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Purification of recombinant proteins by fusion with thermally-responsive polypeptides


Elastin-like polypeptides (ELPs) undergo a reversible, inverse phase transition. Below their transition temperature (Tt), ELPs are soluble in water, but when the temperature is raised above Tt, phase transition occurs, leading to aggregation of the polypeptide. We demonstrate a method for purification of soluble fusion proteins incorporating an ELP tag. Advantages of this method, termed "inverse transition cycling," include technical simplicity, low cost, ease of scale-up, and capacity for multiplexing. More broadly, the ability to environmentally modulate the physicochemical properties of recombinant proteins by fusion with ELPs will allow diverse applications in bioseparation, immunoassays, biocatalysis, and drug delivery.

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Figure 1: Characterization of the inverse transition of ELP fusion proteins.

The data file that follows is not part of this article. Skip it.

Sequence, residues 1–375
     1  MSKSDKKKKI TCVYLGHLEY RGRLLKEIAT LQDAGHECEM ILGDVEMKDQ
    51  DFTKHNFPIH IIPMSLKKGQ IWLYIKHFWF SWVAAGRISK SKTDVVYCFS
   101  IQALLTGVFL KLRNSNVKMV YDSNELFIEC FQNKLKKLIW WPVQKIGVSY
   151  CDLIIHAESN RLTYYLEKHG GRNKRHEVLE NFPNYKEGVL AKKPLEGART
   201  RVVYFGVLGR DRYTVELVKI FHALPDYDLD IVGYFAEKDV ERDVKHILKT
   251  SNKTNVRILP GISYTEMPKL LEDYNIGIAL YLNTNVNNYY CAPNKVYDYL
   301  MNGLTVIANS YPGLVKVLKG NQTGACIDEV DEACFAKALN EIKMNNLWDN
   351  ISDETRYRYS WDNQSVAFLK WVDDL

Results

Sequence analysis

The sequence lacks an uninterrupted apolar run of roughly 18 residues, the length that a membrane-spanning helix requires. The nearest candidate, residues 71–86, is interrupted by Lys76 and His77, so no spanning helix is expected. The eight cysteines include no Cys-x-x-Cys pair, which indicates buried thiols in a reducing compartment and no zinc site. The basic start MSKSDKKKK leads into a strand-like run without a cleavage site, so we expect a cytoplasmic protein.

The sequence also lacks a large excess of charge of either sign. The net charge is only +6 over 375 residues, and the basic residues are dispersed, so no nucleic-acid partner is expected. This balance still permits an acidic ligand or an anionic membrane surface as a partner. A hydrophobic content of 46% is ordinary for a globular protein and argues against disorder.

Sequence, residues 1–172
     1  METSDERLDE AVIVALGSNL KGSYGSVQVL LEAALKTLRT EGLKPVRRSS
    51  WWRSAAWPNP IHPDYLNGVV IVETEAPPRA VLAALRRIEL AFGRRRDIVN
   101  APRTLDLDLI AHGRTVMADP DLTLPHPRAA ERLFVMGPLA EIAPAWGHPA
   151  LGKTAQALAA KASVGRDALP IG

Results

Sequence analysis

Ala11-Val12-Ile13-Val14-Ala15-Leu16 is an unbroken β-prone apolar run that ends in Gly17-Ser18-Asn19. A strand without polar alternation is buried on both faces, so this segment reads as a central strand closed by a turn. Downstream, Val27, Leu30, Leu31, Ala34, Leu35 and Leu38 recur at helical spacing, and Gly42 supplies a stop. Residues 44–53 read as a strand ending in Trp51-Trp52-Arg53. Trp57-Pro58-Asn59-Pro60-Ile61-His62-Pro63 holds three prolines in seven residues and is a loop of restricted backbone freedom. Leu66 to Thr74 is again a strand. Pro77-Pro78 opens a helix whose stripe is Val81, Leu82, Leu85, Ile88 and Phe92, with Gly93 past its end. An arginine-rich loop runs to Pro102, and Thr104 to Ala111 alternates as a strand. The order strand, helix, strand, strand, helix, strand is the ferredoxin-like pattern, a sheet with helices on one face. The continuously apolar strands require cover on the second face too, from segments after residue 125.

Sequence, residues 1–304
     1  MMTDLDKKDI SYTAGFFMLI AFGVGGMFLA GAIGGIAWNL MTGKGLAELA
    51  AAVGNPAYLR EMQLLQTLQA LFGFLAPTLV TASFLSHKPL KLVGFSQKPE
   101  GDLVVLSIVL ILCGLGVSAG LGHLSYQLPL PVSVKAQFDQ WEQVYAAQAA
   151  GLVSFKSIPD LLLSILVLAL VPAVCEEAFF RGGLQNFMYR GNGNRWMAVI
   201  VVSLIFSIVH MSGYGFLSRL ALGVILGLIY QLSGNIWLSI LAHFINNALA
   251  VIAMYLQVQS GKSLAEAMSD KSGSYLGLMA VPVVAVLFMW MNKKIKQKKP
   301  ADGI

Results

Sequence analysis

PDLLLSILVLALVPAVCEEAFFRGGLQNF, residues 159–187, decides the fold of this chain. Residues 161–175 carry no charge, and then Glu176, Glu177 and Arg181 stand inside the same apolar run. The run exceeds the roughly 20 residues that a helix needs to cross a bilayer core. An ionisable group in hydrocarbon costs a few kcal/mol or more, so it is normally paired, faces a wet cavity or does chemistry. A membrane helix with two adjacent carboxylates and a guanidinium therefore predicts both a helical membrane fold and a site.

Figure 2: Purification by inverse transition cycling.
Figure 3: Gene sequences.


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We thank R.T. Piervincenzi for the thioredoxin–tendamistat gene. This work was supported by Duke University through its provision of start-up funds to A.C., by the Whitaker Foundation, the North Carolina Biotechnology Center (ARIG no. 9605-ARG-0050), and the National Institutes of Health (1R21-GM-057373-01). We also thank the Whitaker Foundation for support of D.E.M. as a graduate fellow.

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Correspondence to Ashutosh Chilkoti.

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Meyer, D., Chilkoti, A. Purification of recombinant proteins by fusion with thermally-responsive polypeptides. Nat Biotechnol 17, 1112–1115 (1999).

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